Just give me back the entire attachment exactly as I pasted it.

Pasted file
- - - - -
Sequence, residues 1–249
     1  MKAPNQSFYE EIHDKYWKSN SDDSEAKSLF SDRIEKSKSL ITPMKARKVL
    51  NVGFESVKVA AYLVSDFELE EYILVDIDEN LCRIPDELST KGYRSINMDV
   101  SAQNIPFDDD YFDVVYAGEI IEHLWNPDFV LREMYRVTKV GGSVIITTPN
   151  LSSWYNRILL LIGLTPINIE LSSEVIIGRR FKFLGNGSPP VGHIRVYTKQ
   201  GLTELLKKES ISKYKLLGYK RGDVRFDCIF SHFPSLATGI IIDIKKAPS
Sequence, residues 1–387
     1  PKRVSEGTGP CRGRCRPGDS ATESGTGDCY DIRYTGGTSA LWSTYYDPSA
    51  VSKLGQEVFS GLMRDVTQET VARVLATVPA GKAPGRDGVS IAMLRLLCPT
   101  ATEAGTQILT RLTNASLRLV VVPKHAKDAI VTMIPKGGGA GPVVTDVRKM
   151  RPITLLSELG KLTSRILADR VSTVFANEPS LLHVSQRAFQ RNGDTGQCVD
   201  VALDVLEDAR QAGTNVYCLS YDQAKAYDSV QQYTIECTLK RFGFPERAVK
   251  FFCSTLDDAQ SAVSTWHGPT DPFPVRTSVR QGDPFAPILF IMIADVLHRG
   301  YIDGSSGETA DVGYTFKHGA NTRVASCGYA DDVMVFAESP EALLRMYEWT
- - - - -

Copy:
Sequence, residues 1–249
     1  MKAPNQSFYE EIHDKYWKSN SDDSEAKSLF SDRIEKSKSL ITPMKARKVL
    51  NVGFESVKVA AYLVSDFELE EYILVDIDEN LCRIPDELST KGYRSINMDV
   101  SAQNIPFDDD YFDVVYAGEI IEHLWNPDFV LREMYRVTKV GGSVIITTPN
   151  LSSWYNRILL LIGLTPINIE LSSEVIIGRR FKFLGNGSPP VGHIRVYTKQ
   201  GLTELLKKES ISKYKLLGYK RGDVRFDCIF SHFPSLATGI IIDIKKAPS
Sequence, residues 1–387
     1  PKRVSEGTGP CRGRCRPGDS ATESGTGDCY DIRYTGGTSA LWSTYYDPSA
    51  VSKLGQEVFS GLMRDVTQET VARVLATVPA GKAPGRDGVS IAMLRLLCPT
   101  ATEAGTQILT RLTNASLRLV VVPKHAKDAI VTMIPKGGGA GPVVTDVRKM
   151  RPITLLSELG KLTSRILADR VSTVFANEPS LLHVSQRAFQ RNGDTGQCVD
   201  VALDVLEDAR QAGTNVYCLS YDQAKAYDSV QQYTIECTLK RFGFPERAVK
   251  FFCSTLDDAQ SAVSTWHGPT DPFPVRTSVR QGDPFAPILF IMIADVLHRG
   301  YIDGSSGETA DVGYTFKHGA NTRVASCGYA DDVMVFAESP EALLRMYEWT